football Edit

Kentucky freshman Randle enters NBA Draft

There was no roundball roundtable, no hoop summit among the Kentucky basketball players pondering their collegiate and professional futures.
And so when Julius Randle announced as expected on Tuesday that he'll enter the NBA Draft after a season with the Wildcats -- the 12th freshman to play a season for John Calipari at Kentucky and jump to the pros -- it was without much input from or insight into his UK teammates.
In other words, don't ask Randle who's leaving with him and who's returning for another go-round. The Cats didn't consult one another on these decisions.
"It was just about… each individual player personally, and what he thought was best for his future," Randle said at a news conference. "Any decision any player made, we were gonna have their back 100 percent, and that's the biggest thing."
Randle joined James Young in deciding to leave for the NBA. Marcus Lee and Willie Cauley-Stein have announced they'll return.
Andrew Harrison, Aaron Harrison, Dakari Johnson and Alex Poythress have yet to declare their intentions.
Whatever happens, Randle said, next season's Wildcats will be "amazing."
And regardless of who's back to chase an NCAA title at Kentucky, the current Cats will take with them memories of a season that almost went sour but then turned sweet as UK surged to the NCAA championship game before losing to Connecticut.
"I know I came one game short of winning a national championship -- we did as a team -- but everything we went though this year is just an experience that I'll never forget," Randle said. "That alone was enough, kept me at peace to leave."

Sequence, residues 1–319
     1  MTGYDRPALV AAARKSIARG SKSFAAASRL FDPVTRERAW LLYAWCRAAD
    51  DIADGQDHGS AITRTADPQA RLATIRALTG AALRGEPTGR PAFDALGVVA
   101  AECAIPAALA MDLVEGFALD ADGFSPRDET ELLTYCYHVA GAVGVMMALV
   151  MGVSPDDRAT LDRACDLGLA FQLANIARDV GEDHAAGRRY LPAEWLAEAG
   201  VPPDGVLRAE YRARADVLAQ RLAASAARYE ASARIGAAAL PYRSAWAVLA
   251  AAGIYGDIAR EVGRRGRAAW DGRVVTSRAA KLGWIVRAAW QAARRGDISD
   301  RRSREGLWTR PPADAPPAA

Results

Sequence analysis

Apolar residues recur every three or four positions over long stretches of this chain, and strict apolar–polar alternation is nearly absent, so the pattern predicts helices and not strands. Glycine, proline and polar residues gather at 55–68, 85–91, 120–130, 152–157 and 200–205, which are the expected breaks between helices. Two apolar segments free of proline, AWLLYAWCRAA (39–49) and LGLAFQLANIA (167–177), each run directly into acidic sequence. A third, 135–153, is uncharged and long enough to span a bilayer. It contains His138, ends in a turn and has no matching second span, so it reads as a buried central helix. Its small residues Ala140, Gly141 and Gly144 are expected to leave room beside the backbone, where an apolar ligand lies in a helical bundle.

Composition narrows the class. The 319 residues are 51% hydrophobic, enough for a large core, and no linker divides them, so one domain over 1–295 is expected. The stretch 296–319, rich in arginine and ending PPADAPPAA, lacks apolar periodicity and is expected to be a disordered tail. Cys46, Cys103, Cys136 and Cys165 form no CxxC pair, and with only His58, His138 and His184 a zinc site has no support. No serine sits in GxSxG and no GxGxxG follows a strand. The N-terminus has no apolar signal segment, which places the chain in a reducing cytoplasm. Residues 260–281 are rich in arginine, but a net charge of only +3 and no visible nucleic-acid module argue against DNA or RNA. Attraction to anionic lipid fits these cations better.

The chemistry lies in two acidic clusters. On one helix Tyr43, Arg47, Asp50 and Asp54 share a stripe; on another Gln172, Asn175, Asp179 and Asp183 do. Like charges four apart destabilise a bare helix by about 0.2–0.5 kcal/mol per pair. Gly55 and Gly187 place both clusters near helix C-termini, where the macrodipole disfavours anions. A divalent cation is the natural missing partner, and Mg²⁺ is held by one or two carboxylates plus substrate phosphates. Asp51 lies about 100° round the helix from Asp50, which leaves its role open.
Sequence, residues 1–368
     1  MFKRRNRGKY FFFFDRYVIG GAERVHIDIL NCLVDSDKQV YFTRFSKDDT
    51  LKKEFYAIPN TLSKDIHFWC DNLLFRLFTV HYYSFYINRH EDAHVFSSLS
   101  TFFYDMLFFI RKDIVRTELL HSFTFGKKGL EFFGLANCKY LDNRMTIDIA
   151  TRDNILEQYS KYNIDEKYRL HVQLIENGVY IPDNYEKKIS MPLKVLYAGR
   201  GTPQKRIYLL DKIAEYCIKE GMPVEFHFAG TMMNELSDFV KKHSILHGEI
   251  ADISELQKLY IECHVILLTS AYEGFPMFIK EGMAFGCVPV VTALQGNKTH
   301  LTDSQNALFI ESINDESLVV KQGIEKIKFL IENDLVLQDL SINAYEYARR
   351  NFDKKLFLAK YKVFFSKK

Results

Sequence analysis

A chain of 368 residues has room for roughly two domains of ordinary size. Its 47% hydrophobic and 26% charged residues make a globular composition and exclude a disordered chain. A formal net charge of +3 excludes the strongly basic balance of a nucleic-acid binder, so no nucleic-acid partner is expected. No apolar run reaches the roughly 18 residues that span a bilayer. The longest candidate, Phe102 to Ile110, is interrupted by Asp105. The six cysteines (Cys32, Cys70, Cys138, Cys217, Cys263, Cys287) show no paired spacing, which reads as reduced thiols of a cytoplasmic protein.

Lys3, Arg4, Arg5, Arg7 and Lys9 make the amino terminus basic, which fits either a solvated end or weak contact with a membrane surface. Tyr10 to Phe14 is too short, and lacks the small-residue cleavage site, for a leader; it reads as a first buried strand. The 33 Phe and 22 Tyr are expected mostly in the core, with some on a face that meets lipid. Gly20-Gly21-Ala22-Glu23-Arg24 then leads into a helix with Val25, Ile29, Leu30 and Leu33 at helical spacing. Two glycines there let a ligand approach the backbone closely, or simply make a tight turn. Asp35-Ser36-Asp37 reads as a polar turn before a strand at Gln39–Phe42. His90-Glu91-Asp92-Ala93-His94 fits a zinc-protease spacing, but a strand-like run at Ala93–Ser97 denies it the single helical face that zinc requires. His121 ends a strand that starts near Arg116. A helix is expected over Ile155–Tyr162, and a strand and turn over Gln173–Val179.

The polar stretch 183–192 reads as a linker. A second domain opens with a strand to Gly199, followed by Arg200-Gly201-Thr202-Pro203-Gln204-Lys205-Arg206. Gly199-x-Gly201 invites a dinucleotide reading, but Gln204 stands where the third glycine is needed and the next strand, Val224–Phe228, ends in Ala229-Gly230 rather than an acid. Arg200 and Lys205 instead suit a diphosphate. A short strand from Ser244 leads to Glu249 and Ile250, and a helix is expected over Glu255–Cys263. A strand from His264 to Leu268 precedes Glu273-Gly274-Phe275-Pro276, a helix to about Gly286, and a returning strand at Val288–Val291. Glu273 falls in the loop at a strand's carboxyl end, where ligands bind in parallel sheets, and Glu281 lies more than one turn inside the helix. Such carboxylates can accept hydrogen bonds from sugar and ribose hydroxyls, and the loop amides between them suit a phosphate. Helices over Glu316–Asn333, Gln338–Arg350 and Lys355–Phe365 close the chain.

Staying was an option, but Randle always seemed destined for a short stop at UK on the way to the NBA. The league is practically in his blood. His mother, Caroline Kyles, said on Tuesday that while the name Julius "seemed perfect" for her son, it was inspired by basketball great Julius Erving. And Randle said he's been dreaming of playing in the NBA since he was "three or four years old."
Still, Randle hasn't rushed into decisions. He has yet to hire an agent, and he spent two weekends at home in Dallas, Kyles said, weighing his options.
"It's an important decision because there's nothing like playing for Kentucky," Kyles said. "This place is amazing, the fans are amazing, the coaching staff is, and so it wasn't something we said we were going to do overnight. We prayed about it and talked about it for a while and decided this was the best decision for him."
In a single season, Randle built a lottery pick's resume.
The 6-foot-9, 250-pound Randle averaged 15 points and 10.4 rebounds per game as a freshman, shooting 50 percent from the floor. He led the nation and set a UK freshman record with 24 double-doubles. In the history of college basketball, only Kansas State's Michael Beasley recorded more double-doubles during a freshman season.
Randle was a third-team All-America selection by The Associated Press and the National Association of Basketball Coaches. He was named Southeastern Conference Freshman of the Year and a first-team All-SEC selection by the league's coaches and media covering the conference.
And yet there's a sense that Randle can do more. He entered the season with an outside shot at being the No. 1 pick in the NBA Draft, and though he's still projected as a top-six pick, concerns about his wingspan and questions about his ability to play facing the basket have cooled his stock.
"Coach Cal did a great job of using me in many different ways," Randle said. "It just happened that posting up and a low-post player, that was one of my strengths here and everybody had to sacrifice."
Between now and the June 26 draft, Randle will work with longtime mentor Jeff Webster -- a former Oklahoma star who played 11 NBA games and -- to address some of the questions.
"I've been the guy that's always trained him," Webster said Tuesday. "Kentucky did an outstanding job, but we can kind of get back to some things that I know he needs to correct and fine tune to get ready for the next step."
Those things include Randle's perimeter game and his conditioning, Webster said.
Before that, Randle will finish the semester at UK like the rest of his teammates. When it's over, some will be moving on. Others will stay behind. No matter what next year's team looks like, this season's will give Kentucky "a special place in my heart," Randle said.
"I'll grow old one day and I'll be able to tell my children or grandchildren about something that I did when I was 19 years old," Randle said. "It'll always be a memory for me."